Forest Investment Account

Abstract of FIA Project Y051304

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Managing for Intimate Species Mixtures in BC's Boreal Forest

Author(s): Hawkins, Christopher David
Imprint: Prince George, B.C. : University of Northern British Columbia, 2005
Subject: Forest Investment Account (FIA), Silvicultural Systems, British Columbia, Forest Thinning, Experiments, Populus Tremuloides
Series: Forest Investment Account (FIA) - Forest Science Program

Abstract

Mixedwood stands are composed mainly of aspen (Populus tremuloides [Michx.]) and white spruce (Picea glauca [Moench] Voss) and comprise the top two harvested species by volume in the Peace Forest District (PFD), however, because of under-utilization of this resource, the timber supply area (TSA) is at risk of losing up to 10% of the mixedwood or hardwood contribution to the annual allowable cut (AAC) (1). Current British Columbia (BC) policy guidelines discourage adaptive management when it comes to managing mixedwood stands (2). Research suggests however, that complex species mixtures have greater productive potential than single species stands (3, 4, 5). The focus of this long-term study is the complex interactions between intimate mixtures of conifer and deciduous species that make up a highly significant portion of the northern and central interior of BC. The trial is comprised of two sites, the first, Woodlot 1217 and the second, the Rice Property, which now forms part of Tree Farm License 48. The approach has been to reduce aspen density in a linear fashion and monitor responses of residual aspen, underplanted white spruce (TFL 48), released white spruce (WL 1217), understory vegetation, and soil nitrogen (N) mineralization. This includes changes in plant communities, soil N dynamics, growth and yield of valuable timber resources, and changes in productive potential. Although the response has been delayed, by 2004, aspen are beginning to show a response to the thinning treatments. Differences in spruce growth between treatments are not yet evident. Changes in understory vegetation were not found to vary between treatment and year. There are changes in soil mineralization and soil moisture between spring and fall and from 2001 to 2004. Growth and yield projections and subsequent economic analyses require the development or modification of an existing model that will reflect the growth of the underplanted spruce.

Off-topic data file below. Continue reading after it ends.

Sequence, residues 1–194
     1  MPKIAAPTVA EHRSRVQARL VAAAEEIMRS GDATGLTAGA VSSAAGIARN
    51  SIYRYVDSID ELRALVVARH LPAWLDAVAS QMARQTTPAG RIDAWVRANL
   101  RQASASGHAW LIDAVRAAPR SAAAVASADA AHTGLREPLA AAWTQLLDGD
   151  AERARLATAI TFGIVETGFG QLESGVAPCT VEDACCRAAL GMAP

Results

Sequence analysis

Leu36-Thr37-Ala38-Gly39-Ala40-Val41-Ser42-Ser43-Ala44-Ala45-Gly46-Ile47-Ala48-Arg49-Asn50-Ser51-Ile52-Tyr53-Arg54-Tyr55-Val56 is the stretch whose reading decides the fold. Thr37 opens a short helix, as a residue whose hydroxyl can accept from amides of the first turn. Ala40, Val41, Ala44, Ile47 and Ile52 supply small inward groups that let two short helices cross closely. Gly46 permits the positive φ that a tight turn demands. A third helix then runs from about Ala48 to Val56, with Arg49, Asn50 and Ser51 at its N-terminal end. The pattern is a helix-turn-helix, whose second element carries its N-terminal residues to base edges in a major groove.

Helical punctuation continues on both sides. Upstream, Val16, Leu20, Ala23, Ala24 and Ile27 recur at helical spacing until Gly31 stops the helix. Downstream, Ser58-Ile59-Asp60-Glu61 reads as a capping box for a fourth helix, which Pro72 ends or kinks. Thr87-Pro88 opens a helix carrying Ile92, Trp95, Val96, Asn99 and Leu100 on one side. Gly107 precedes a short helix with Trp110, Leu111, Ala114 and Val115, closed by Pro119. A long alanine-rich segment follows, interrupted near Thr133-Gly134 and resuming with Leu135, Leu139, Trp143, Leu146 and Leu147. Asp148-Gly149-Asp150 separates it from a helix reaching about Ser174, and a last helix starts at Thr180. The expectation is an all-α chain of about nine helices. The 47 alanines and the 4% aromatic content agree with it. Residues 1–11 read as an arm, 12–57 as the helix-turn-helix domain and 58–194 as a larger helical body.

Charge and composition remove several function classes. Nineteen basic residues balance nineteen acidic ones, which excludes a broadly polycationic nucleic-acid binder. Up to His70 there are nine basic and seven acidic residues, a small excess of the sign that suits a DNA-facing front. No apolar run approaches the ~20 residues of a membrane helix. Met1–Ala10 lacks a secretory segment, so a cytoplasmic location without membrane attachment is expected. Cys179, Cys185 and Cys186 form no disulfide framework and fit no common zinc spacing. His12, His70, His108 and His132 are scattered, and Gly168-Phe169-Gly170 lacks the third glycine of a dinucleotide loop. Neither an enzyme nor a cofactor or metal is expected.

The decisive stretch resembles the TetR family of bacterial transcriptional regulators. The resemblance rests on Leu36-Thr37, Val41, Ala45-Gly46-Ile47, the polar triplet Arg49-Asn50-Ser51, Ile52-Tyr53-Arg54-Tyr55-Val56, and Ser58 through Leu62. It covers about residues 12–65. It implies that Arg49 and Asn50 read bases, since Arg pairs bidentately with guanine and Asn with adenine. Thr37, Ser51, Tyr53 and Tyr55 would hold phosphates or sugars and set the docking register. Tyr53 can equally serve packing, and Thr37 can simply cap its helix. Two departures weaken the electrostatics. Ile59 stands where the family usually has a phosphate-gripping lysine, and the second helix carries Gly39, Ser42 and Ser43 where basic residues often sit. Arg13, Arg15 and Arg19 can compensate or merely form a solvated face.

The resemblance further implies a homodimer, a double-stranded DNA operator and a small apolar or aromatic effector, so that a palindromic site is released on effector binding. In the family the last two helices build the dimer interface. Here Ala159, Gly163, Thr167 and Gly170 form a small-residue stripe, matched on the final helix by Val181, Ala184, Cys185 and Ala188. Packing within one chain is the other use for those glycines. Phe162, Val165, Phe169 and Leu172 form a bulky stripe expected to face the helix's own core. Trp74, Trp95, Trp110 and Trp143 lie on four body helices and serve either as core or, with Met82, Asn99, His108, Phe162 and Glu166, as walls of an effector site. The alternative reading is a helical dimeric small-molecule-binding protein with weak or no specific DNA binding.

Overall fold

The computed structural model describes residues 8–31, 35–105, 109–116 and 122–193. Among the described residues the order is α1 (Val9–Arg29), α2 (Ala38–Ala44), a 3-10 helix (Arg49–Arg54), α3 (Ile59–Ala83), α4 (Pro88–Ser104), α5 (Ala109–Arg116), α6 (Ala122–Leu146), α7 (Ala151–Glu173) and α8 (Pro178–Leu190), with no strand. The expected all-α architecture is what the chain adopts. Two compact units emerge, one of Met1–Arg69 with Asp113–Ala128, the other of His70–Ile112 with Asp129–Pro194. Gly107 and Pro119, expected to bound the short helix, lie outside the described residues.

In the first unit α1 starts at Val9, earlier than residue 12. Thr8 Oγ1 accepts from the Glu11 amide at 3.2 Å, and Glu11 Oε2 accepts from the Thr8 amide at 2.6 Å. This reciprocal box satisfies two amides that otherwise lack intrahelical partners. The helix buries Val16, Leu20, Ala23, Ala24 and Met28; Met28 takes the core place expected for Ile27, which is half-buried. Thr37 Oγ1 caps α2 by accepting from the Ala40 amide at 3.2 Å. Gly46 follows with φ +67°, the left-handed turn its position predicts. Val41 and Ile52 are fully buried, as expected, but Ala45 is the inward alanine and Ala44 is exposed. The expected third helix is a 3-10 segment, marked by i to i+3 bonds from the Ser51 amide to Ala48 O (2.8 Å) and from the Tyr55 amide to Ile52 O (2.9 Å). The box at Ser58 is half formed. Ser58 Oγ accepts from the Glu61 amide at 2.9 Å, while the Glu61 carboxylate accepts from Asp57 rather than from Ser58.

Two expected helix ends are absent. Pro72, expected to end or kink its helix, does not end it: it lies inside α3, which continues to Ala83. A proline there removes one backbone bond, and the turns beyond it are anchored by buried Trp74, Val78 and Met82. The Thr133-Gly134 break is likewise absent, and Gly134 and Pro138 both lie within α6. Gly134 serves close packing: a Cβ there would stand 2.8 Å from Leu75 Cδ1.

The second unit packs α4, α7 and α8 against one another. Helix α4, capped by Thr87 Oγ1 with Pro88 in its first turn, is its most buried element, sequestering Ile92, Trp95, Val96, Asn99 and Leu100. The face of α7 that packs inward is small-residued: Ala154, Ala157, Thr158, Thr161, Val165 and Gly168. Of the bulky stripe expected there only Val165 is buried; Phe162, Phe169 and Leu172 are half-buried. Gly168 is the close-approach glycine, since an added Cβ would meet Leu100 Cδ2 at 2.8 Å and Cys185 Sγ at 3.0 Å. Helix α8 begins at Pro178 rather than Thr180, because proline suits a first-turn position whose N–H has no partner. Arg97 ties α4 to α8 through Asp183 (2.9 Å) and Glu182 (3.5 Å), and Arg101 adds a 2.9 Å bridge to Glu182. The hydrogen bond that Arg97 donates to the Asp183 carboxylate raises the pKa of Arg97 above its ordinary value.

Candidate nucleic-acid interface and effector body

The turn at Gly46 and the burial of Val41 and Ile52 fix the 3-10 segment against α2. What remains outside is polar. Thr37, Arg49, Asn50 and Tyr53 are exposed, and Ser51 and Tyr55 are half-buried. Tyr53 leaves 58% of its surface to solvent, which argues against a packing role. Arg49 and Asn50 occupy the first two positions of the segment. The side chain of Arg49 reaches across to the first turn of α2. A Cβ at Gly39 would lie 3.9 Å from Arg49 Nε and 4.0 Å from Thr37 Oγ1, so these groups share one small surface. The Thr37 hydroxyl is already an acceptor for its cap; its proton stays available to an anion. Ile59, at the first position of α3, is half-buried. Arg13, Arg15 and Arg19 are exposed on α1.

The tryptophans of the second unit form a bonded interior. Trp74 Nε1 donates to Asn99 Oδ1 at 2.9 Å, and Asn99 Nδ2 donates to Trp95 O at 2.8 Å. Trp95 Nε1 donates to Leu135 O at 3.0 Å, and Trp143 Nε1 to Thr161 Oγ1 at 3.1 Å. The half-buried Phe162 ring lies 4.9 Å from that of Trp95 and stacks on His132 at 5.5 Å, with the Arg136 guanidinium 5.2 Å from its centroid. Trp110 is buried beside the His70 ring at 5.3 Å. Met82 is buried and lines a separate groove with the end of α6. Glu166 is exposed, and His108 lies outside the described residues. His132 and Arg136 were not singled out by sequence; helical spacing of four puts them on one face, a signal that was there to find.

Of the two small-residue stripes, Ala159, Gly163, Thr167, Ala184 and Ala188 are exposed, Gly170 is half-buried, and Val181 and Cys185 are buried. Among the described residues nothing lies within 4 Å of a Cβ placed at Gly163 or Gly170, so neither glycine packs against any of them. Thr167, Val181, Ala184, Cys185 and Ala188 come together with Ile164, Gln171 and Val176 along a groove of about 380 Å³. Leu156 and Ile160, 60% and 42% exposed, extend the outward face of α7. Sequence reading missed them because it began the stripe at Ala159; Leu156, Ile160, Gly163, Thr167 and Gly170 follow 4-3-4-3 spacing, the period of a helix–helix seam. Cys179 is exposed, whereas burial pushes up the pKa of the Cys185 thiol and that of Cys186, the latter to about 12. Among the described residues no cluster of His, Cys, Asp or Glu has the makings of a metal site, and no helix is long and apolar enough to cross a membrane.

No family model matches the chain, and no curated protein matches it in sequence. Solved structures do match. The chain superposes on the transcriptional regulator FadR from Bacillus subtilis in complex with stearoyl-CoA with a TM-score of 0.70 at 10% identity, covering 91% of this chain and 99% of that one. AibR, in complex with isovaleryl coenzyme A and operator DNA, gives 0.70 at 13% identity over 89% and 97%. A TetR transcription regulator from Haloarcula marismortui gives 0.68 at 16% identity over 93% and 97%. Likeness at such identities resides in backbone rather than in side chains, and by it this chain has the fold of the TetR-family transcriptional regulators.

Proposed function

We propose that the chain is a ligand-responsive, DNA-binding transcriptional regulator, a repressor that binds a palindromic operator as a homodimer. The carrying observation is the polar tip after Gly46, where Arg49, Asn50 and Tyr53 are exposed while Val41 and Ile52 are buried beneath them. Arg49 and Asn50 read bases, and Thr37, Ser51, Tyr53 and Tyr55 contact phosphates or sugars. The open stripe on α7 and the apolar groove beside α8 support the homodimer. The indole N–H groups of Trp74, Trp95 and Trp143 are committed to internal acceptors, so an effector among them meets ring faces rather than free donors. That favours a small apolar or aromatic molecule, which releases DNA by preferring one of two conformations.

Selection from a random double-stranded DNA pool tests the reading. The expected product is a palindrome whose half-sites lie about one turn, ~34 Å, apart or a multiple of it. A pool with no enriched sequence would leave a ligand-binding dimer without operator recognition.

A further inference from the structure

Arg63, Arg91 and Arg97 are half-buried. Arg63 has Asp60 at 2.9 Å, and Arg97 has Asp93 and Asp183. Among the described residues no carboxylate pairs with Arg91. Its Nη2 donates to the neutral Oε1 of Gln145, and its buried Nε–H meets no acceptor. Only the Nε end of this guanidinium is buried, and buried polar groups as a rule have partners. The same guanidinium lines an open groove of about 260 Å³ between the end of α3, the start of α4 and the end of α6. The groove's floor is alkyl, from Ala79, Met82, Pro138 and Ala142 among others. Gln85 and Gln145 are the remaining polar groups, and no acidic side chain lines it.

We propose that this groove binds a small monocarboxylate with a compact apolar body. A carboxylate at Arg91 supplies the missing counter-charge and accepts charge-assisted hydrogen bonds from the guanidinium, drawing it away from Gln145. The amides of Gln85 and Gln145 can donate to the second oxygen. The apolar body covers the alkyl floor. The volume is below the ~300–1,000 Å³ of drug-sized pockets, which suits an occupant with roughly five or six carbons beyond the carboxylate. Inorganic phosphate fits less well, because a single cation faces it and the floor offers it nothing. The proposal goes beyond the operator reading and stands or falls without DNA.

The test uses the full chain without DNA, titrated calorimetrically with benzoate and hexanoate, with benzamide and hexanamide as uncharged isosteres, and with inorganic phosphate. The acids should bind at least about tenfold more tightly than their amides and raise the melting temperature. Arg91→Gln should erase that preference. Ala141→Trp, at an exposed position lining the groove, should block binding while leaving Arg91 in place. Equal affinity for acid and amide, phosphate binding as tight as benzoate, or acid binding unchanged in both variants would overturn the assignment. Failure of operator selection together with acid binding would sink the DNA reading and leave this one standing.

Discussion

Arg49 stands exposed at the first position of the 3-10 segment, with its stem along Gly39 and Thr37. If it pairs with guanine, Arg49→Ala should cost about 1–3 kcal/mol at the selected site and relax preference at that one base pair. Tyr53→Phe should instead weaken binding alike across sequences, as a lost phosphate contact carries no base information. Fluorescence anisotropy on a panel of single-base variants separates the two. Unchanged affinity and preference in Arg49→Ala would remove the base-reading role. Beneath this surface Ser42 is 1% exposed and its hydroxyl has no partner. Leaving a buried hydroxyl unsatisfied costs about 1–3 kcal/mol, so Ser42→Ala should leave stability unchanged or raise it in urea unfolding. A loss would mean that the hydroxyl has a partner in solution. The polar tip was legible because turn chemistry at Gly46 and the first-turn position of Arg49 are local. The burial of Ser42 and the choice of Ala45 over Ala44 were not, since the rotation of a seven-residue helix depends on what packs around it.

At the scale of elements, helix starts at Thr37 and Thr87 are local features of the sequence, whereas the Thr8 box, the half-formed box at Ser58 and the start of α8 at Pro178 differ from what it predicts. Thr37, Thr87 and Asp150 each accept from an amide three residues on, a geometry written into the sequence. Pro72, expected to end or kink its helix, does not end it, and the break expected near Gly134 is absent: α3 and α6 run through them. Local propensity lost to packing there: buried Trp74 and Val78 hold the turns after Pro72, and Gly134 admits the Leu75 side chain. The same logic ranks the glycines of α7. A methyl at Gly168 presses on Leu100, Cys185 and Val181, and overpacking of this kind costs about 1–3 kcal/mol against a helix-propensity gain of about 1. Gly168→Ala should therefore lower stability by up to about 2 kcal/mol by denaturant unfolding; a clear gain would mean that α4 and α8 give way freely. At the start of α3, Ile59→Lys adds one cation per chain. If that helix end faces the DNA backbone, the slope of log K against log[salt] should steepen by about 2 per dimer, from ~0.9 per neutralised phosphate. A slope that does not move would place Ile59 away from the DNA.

For further information, please contact Chris Hawkins, University of Northern British Columbia (hawkinsc@unbc.ca)

Updated September 08, 2005 

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